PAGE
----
Dr Vicky Lavy

Developing Health Course 2010 – part I

Dr Vicky Lavy worked for ten years in Malawi, setting up a palliative care programme for children. She now works for CMF as Head of International Ministries.
The views expressed do not necessarily reflect those of CMF.

It’s been a wonderful couple of days at the Developing Health Course with the combination of excellent medical teaching and spiritual inspiration which makes this course unique. My brain is hurting a little after whistling through the whole of paediatrics in a day yesterday, and the whole of general medicine in an afternoon today! There were fun and games in the paediatric practical skills workshop where Resusci-baby got incubated, cannulated and ventilated – but sadly didn’t look any better at the end of the session.

One of the best things about the course is meeting people who’ve worked in all sorts of places and hearing their stories. Tonight I ran a ‘chat show’ and interviewed a few of the participants. We heard from one doctor who wondered why everyone suddenly fell to the floor during her ward round in Sudan and then realised that bullets were flying outside the hospital! Another participant has to watch for altitude sickness whenever she returns from work in the city to her home in the mountains of Tibet. We heard about struggles with spiritual oppression and corruption and about the joy of training people and seeing them learn and grow both medically and spiritually.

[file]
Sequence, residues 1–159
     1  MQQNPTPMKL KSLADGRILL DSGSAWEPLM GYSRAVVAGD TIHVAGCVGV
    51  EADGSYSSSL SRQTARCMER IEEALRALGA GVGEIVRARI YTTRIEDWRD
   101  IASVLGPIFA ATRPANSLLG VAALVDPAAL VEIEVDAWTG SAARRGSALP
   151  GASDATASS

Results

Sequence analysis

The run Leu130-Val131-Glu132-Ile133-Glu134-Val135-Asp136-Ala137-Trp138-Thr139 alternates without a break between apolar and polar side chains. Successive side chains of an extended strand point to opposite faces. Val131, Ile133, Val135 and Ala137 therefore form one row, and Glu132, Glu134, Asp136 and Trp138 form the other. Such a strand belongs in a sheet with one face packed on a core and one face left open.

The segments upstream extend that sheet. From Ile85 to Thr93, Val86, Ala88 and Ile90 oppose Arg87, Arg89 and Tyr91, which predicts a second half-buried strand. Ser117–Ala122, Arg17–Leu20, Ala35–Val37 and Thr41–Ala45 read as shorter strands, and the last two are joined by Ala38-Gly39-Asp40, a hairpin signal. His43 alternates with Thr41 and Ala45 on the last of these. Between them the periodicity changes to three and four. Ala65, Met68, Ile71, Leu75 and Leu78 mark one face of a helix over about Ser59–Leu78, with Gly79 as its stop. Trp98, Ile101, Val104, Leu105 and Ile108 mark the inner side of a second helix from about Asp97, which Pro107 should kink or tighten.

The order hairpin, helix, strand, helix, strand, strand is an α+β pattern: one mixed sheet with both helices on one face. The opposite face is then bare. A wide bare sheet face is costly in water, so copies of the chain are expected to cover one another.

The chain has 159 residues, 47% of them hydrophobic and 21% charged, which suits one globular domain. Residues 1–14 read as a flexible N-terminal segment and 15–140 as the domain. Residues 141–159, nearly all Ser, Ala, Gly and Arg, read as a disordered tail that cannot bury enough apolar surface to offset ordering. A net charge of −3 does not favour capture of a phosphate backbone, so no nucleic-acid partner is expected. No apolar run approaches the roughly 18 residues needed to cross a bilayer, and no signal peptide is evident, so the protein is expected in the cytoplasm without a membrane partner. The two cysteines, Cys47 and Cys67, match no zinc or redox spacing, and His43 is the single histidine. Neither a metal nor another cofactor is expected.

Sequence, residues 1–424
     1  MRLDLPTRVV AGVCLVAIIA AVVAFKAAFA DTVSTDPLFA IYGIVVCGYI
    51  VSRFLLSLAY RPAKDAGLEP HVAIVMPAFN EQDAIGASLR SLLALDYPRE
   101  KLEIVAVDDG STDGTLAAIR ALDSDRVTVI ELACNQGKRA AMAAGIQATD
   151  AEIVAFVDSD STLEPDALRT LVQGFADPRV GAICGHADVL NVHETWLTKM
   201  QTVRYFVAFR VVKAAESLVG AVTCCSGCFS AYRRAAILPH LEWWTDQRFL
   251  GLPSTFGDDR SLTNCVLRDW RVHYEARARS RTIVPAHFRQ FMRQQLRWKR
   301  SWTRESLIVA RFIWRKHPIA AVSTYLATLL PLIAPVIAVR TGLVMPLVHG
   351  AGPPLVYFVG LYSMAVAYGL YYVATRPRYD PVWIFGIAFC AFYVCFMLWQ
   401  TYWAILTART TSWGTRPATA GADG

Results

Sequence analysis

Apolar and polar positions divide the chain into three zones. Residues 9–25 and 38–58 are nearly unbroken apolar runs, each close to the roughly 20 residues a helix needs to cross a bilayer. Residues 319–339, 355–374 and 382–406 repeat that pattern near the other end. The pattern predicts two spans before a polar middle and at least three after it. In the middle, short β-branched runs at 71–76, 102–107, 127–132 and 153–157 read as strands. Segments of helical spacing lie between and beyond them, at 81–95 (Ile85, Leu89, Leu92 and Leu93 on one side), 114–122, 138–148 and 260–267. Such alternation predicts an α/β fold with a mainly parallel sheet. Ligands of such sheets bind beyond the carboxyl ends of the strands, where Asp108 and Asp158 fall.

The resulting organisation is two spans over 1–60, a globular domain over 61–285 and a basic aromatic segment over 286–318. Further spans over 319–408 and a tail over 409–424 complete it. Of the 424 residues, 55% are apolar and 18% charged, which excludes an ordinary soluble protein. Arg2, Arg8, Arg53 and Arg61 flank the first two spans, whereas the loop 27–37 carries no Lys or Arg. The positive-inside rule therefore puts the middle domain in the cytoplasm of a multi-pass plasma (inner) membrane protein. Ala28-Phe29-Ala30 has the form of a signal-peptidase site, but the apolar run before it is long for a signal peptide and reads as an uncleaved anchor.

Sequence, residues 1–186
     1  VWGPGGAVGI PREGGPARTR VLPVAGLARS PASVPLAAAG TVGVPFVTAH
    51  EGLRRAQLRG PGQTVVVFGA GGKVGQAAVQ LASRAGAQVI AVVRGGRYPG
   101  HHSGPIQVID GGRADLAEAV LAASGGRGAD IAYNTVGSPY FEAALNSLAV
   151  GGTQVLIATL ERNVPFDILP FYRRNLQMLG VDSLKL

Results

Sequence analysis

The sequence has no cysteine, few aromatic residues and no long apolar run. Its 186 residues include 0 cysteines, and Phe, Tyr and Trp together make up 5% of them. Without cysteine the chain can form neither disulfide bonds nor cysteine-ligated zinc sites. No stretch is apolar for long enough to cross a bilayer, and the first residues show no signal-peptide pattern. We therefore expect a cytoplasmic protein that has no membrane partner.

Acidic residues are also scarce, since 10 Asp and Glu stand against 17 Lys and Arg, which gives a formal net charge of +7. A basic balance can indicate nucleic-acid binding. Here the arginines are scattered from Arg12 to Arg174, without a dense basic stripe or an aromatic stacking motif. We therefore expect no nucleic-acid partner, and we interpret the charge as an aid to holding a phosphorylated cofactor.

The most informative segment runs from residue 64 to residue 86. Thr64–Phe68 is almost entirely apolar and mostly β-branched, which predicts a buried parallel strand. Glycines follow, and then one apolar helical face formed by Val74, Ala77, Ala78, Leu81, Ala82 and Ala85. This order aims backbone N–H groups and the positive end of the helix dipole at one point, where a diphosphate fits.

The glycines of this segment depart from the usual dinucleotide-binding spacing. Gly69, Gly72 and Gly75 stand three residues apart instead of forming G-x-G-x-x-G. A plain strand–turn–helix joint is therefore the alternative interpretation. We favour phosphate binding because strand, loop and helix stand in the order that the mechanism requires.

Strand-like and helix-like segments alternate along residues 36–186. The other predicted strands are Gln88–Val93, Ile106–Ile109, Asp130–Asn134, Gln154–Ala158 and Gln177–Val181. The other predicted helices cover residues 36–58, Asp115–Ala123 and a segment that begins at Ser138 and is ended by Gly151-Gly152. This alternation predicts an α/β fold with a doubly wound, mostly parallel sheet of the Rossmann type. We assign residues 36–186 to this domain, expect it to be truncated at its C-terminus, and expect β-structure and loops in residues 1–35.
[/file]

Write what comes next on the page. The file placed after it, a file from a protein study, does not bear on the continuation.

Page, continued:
David Yorston gave us a wonderful lecture on eyes. He reminded us that ophthalmology must be important as Jesus did more healing of blindness than any other specialty! However he also reflected on Jesus’ remarkable promise in John 14:12 that we will do even greater things than he has done. During his earthly ministry, Jesus healed a handful of blind people in Palestine. But now, God’s ophthalmologists around the world are doing literally millions of sight-restoring cataract operations every year.

What a privilege to be a part of God’s healing ministry – not because we are extraordinary people, but we are ordinary people with an extraordinary God. I was moved by a phrase written by a missionary doctor, quaking in his boots as he started an operation – ‘It’s a tiny needle, but in the mighty hand of God.’

Posted by Vicky Lavy



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